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The Effect of Temperature on the Tangent Modulus of Granular Composite Sport Surfaces

Authors

  • J.W. Bridge,

    Corresponding author
    1. Department of Manufacturing and Mechanical Engineering, Oregon Institute of Technology, Klamath Falls, OR
    2. Department of Mechanical Engineering, University of Maine, Orono, ME
    3. Racing Surfaces Testing Laboratory, Orono, ME
    • Correspondence

      J.W. Bridge,

      Department of Manufacturing and

      Mechanical Engineering,

      Oregon Institute of Technology, Klamath

      Falls, OR 97601

      Email: john.bridge@oit.edu

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  • M.L. Peterson,

    1. Department of Mechanical Engineering, University of Maine, Orono, ME
    2. Racing Surfaces Testing Laboratory, Orono, ME
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  • C.W. McIlwraith

    1. Gail Holmes Equine Orthopaedic Research Center, Department of Clinical Sciences, Colorado State University, Fort Collins, CO
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Abstract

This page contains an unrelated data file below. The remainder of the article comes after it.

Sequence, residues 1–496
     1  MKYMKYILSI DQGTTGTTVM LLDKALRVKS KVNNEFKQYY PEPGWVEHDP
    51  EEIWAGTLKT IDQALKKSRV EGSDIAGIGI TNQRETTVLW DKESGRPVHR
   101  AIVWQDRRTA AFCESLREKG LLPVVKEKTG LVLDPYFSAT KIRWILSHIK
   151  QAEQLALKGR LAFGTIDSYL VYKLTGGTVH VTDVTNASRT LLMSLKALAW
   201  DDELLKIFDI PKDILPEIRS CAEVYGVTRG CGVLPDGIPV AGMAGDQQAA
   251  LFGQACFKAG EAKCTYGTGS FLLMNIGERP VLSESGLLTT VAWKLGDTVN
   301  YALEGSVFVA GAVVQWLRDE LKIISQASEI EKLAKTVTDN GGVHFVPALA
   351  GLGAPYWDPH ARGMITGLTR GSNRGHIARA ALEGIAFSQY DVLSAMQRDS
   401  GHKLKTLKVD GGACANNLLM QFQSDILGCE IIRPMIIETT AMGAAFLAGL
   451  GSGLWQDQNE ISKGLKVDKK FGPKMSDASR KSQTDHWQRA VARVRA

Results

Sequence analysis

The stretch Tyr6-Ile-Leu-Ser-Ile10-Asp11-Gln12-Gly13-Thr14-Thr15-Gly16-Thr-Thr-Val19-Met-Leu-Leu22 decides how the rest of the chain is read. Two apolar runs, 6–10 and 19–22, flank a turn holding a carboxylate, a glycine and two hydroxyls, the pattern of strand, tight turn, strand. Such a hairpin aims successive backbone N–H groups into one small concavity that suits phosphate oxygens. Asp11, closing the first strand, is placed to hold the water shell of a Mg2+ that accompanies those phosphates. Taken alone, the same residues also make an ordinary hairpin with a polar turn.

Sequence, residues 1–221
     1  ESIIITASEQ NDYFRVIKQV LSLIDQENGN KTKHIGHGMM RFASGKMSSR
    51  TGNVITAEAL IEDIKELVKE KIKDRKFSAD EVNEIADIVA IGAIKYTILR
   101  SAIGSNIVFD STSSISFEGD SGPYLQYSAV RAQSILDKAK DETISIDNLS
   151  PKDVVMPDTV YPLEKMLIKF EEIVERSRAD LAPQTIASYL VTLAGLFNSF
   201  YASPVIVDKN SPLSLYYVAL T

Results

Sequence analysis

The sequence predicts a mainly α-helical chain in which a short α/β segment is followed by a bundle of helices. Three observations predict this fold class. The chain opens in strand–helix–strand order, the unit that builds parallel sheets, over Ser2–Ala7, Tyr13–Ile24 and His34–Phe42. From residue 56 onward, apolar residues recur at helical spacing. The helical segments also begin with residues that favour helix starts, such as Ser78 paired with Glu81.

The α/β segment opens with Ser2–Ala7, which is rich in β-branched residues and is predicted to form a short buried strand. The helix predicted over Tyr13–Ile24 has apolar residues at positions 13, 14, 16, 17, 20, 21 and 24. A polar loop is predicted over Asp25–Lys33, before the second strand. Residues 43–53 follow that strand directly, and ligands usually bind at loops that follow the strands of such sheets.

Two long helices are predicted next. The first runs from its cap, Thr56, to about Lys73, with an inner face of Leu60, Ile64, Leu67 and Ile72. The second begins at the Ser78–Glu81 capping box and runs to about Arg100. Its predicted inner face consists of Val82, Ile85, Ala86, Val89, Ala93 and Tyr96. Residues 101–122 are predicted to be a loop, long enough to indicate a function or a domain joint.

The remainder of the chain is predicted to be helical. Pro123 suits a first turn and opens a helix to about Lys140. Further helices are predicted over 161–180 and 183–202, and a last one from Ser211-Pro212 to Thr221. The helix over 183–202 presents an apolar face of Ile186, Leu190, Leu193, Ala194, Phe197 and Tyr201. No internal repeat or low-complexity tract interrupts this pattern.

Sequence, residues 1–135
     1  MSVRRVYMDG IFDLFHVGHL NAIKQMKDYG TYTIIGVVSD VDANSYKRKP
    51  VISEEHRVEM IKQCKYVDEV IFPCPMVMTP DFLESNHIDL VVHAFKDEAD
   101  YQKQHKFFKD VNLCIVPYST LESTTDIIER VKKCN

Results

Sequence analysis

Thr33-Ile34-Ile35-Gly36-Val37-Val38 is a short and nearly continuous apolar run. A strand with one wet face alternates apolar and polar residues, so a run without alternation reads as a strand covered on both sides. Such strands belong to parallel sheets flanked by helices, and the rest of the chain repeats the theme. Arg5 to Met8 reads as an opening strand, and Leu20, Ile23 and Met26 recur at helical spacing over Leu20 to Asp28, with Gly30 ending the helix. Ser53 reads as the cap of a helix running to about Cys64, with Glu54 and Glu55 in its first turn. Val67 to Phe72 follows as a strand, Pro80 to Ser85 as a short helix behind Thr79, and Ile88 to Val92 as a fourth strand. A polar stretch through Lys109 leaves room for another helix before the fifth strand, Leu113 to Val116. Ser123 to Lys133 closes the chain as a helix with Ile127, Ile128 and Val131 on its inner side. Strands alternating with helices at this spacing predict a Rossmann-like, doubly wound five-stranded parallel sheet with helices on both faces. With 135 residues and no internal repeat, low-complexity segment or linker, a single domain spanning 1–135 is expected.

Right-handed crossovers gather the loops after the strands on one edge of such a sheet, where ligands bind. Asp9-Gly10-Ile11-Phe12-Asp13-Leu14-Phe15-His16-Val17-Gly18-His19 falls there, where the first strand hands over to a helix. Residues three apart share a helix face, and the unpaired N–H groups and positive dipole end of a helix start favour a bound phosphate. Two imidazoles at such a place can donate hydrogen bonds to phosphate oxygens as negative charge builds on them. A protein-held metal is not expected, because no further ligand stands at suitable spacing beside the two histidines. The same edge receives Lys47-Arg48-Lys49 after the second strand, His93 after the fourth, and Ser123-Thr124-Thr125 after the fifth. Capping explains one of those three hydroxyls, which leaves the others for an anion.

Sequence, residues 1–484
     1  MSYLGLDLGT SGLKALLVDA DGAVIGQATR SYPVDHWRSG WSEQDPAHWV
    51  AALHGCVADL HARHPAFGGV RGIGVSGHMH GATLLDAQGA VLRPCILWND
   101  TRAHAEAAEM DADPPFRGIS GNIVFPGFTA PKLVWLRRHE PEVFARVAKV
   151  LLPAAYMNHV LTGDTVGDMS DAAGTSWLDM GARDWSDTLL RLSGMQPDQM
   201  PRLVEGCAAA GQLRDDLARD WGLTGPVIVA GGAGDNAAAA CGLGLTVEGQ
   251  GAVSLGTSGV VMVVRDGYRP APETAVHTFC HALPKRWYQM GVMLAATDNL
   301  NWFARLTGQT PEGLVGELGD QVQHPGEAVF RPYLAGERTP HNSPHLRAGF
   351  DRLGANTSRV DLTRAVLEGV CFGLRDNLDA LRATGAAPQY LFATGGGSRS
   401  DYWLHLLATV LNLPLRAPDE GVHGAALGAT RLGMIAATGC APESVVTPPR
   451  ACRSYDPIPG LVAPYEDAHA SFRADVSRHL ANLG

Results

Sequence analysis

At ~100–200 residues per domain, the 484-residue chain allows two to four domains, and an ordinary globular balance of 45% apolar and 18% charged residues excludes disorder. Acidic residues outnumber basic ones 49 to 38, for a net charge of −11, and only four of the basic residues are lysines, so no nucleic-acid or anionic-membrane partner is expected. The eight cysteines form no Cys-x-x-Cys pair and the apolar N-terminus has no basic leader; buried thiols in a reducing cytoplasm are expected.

A series of tests were conducted to determine the tangent modulus (vertical stiffness) values for a wax-coated granular composite material. This material is commonly used as the surface for Thoroughbred horse racetracks. The tangent modulus is important in the vertical loading of the surface by the hoof for a highly nonlinear material. Test temperatures span a range from 0 to 64°C and include the thermal transition regions of the wax coating obtained from differential scanning calorimetry tests. These temperatures also include the range of temperatures that are encountered during use. Creep tests were conducted to obtain steady-state strain conditions at loads ranging from 0.89 to 4.45 kN, the latter load approximating the weight of a Thoroughbred racehorse. Through-transmission ultrasonic waves were utilized to determine the tangent modulus values. The tangent moduli ranged from 74 to 573 MPa for the conditions tested. For all loads tested, a large decrease in modulus and decrease in material nonlinearity occurred as temperatures increased from 20 to 32°C. This temperature range matches the first thermal transition temperature for the wax coating of the track material. The results of this work provide a basis for racetrack maintenance decisions that can eliminate potentially adverse temperature effects and may reduce equine injuries.

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